Zack’s great. I love writing him, but he can sometimes be a broody bastard – and the only way to get him out of his shell is Lil. Lillee Gibson, Lilianna, the Lady of Beasts – call her what you will, Lil is all fire and scathing sarcasm, and I adore writing her as a foil to Zack. There’s a lot of freedom because she’s not the POV character. I don’t have to make her relatable. I don’t have to make her a nice person. She can say and do whatever she wants, and that is exactly what she does whenever she takes the stage.

Do you usually root for the heroes or the villians?
The villains. I can’t help myself. It’s so easy to write a hero. Everyone wants to like them. But it’s a challenge to make people like the villain – and maybe even relate a bit to the choice to do evil.

Who are your favorite authors?
I grew up reading Stephen King, Ray Bradbury, Chelsea Quinn Yarbro, Tanith Lee, and too many others to count. Speculative fiction, mystery, horror, thrillers – genre was less important than some element of the supernatural. It wasn’t just about monsters, though. The stories I sought out again and again used their monsters to tell very human stories, and that was what gripped me. That contrast – how the supernatural can be used to put our day-to-day experiences into a new light – that keeps me coming back.

What about up and coming authors? Anyone caught your fancy?
I have great respect for the art of the short story, and that’s a lot of what I’ve been reading of late. Alyssa Wong’s “Hungry Daughters of Starving Mothers” caught my eye a little while ago, and it deservedly won a recent Hugo. I’m very keen to see what else she dreams up. Max Gladstone’s “A Kiss with Teeth” turned me onto to the rest of his fiction (start with the Craft Sequence). Ursula Vernon’s “Jackalope Wives” blew me away, and I would love to see more of her voice out there. In slightly longer form fiction, Matt Wallace’s Sin du Jour novellas are a perfect blend of action, humor, and supernatural shenanigans. But honestly, there are so many fresh, new voices out there, it’s hard to keep up.

Back to your characters for a minute, who would you like to have a beer with? Who do you wish you hadn’t created?
Remy – Zack’s blood-sucking brother and sometime ally – is totally someone I would go out with clubbing, and as part of the Nephilim tribe, he’d have the skinny on all the coolest parties. As for who I wish I hadn’t created, it’s not so much a who as a collective of “its.” The cacodaimons – composite horrors that creep into the edges of our reality from the deep places of the dark – they’re shuddersome nasties and more than a few readers have described them fittingly as “nightmare fuel.” Since I was going for creepy as hell with them, that’s probably a good thing, but still – getting into their heads leaves me with that skittery feeling you get when you’ve spied an enormous spider crawling far too close to your shoulder, and when you go to smush it, it’s disappeared.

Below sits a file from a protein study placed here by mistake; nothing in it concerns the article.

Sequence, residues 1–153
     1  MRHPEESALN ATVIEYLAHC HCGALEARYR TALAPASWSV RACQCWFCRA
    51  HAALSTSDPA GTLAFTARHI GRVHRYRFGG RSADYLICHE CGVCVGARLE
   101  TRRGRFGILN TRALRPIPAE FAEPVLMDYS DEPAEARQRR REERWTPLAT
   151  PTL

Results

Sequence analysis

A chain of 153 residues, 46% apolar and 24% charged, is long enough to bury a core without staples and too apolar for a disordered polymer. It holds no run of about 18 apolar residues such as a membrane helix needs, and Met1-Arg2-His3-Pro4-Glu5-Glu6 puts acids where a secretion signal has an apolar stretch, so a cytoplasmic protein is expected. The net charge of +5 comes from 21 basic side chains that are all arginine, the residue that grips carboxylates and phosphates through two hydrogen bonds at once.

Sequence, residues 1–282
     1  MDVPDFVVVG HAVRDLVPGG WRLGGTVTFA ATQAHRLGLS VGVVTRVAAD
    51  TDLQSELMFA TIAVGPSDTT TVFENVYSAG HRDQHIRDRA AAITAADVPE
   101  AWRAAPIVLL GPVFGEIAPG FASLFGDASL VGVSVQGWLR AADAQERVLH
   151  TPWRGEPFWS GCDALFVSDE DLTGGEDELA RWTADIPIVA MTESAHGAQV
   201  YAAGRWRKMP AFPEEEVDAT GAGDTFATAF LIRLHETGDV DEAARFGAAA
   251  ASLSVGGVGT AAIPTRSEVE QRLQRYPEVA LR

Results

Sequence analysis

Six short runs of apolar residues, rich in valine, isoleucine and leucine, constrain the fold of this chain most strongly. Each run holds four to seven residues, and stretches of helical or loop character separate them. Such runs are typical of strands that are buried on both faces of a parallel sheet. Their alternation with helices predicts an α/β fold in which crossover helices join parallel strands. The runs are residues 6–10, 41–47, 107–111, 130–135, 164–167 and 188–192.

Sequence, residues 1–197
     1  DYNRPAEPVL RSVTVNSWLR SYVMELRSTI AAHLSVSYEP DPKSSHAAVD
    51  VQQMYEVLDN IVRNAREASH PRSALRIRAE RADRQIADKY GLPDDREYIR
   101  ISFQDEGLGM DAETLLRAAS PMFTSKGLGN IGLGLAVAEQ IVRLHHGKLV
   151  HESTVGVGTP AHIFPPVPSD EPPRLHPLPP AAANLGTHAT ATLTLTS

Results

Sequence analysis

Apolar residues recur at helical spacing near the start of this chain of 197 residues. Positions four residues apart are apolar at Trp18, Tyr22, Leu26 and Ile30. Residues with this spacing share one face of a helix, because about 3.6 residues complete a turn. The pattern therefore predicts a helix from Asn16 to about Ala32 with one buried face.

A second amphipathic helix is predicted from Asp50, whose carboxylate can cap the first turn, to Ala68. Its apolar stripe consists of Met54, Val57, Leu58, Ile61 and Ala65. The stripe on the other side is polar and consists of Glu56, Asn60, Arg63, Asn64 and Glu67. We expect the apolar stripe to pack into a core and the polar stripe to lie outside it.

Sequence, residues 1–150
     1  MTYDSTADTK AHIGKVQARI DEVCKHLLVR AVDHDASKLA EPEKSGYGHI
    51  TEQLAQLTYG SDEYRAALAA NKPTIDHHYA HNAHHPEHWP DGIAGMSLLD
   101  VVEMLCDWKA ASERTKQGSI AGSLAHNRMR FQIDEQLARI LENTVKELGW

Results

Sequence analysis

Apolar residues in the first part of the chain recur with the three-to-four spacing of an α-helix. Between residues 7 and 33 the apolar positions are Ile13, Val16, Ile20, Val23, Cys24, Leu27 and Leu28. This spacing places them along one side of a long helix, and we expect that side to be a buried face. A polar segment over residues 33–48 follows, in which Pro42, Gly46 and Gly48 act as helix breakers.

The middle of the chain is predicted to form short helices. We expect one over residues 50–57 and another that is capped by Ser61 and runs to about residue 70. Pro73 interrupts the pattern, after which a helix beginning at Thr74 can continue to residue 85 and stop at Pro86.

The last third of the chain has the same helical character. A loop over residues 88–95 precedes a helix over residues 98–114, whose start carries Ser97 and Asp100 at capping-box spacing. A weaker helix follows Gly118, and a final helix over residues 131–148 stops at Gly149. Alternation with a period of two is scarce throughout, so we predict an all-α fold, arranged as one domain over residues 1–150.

Tell me one thing that’s on your bucket list.
I want to visit the Villa Diodati on the shores of Lake Geneva, where Lord Byron hosted the Shelleys and where Mary’s Frankenstein was conceived.

If you were asked to write a book in a different genre than your current works, what genre would you choose and why?
Gothic Horror, hands-down. The creeping, old-school stuff like “Turn of the Screw.” I love the atmosphere, the slowly building dread, and also the lushness of language that genre provides. Although it’s a movie, Guillermo del Toro’s “Crimson Peak” embodies all the ideals of Gothic Horror, and I would love to immerse myself in such a darkly beautiful world where every door opens to secrets and evil wears a seductive face.

What are you working on right now?
Currently, I’m finishing the first draft of The Resurrection Game, the third book in the Shadowside Series. The action takes place about six months after the close of Harsh Gods and it brings a few things from Conspiracy full circle. Zack’s up to his neck in cacodaimons, and someone is hunting people from his past.

Care to give us the first sentence of the last chapter you were working on?
“For an interminable stretch of minutes, my brain clamored orders at a body that stubbornly refused to respond.”

The Resurrection Game opens with a heated battle, and I really put Zack through the ringer. We all love beating up on our main characters, right? It’s fun to see what they do once they get back up.

So, say you just got arrested. What’s the most likely reason the cops are carting you off to jail?
I finally hauled off and punched someone for being an ignorant a-hole. Seriously. Some days that’s a challenge.

What’s the strangest thing you’ve ever researched for one of your books?
You know that joke about writers and serial killers having the same browser history? That would be me. Since I started writing the Shadowside Series, I’ve had to research how to make a bomb from a propane tank (thanks, Lil), how easily a homeless person without a legal ID can get their hands on a hunting rifle (the answer was scary), and the average time it would take someone to joint a desiccated a human body (that honor goes to Zack). With all that, I think the strangest thing still was the depth of Lake Erie: a mere 200 feet, as it turns out. That’s not necessarily strange, but that research led to information on the salt mines 1800 feet beneath Cleveland’s northern shoreline. Google the pictures. They’re both terrifying an amazing. I’ve lived here my entire life and I had no idea.